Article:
Not much, in the end.  I had a clear sense of what Marilyn was like, what her political opinions would be in general and especially now that her son has been killed.  And she’s certainly not someone who would allow herself to be used on behalf of a cause she doesn’t believe in.  She’s exactly the sort of character who would publicly refuse to talk to President Bush.  I see her as someone who all her life has written letters to the editor, and now that her son has died she has graduated to writing op-eds.  I read the newspaper, I keep up with a number of political blogs, so I didn’t need to do any additional research to have a sense of what kind of political activity Marilyn would be up to.

Q: The book’s epigraph, “Things seldom end in one event,” comes from a short story by Richard Ford.  How does that observation relate to your novel?
A:
That quote is from Ford’s collection Rock Springs, which was very influential for me when I was first becoming a writer.  And Ford is the author of Independence Day, which, like The World Without You, takes place over a single July Fourth holiday.  I think a good epigraph captures something about a book, and in this case what it captures is that what happened a year ago—Leo’s death, that huge, singular event for the Frankels—turns out to be only the beginning.  Because now, in the aftermath of Leo’s death, Marilyn and David are splitting up, everyone else in the family is reeling, and there’s still more to come.

Q: What’s next for you?
A:
A trip to Hawaii, I’m hoping!  Writing a novel takes a lot out of you.  Right now, I’m trying to figure out what comes next.  I promised myself I would go back to writing short stories.  It’s weird, I’ve spent the last nearly twenty years writing novels, when in so many ways I think of myself as a short-story writer.  It was certainly my first love, and because I teach MFA students, I spend a lot of time reading and thinking about short stories.  So last fall, when I finished the final draft of The World Without You, I immediately sat down to write a short story, and what happened?  The draft I wrote was 113 pages along!  And then the second short story I wrote was over 200 pages long!  I still think I’m capable of writing a regular old twenty-to-thirty-page short story, but we’ll have to see.  In the meantime, I’m tossing around some ideas for a new novel, but it’s still in the very early, incubating stages, so I’m not saying anything more than that.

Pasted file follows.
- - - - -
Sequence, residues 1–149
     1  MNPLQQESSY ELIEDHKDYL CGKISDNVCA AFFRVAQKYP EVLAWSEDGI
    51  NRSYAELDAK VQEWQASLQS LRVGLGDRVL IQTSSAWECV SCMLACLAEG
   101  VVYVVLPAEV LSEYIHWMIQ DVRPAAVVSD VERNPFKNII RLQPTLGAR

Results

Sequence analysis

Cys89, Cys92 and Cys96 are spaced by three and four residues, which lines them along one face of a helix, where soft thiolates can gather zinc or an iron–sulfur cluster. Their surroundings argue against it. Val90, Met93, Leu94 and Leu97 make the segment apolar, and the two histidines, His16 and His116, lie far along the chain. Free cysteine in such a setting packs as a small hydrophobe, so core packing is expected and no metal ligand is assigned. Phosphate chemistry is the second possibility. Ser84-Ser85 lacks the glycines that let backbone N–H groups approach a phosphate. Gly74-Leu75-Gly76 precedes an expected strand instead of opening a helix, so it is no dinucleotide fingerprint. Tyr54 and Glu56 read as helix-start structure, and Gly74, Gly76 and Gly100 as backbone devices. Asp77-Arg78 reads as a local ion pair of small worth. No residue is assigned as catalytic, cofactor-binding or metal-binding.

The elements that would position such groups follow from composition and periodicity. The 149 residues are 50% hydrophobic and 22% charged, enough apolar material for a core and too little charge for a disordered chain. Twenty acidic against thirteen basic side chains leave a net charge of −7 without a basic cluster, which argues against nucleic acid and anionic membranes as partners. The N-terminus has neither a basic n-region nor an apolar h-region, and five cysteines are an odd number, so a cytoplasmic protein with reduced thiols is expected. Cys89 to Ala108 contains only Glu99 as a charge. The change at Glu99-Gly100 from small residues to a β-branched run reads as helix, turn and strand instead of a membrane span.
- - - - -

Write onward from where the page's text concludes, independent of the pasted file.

A Conversation with

Joshua Henkin

author of

THE WORLD WITHOUT YOU


Q: Was there a particular event or idea that inspired The World Without You?
A:
I had a first cousin who died of Hodgkin’s disease when he was in his late twenties.  I was only a toddler at the time, but his death hung over my extended family for years.  At a family reunion nearly thirty years later, my aunt, updating everyone on what was happening in her life, began by saying, “I have two sons….”  Well, she’d once had two sons, but her older son had been dead for thirty years at that point.  It was clear to everyone in that room that the pain was still raw for her and that it would continue to be raw for her for the rest of her life.  By contrast, my cousin’s widow eventually remarried and had a family.  This got me thinking how when someone loses a spouse, as awful as that is, the surviving spouse eventually moves on; but when a parent loses a child they almost never move on.  That idea was the seed from which The World Without You grew.  Although there are many tensions in the novel (between siblings, between couples, between parents and children), the original tension was between mother-in-law and daughter-in law, caused by the gulf between their two losses, by the different ways they grieve.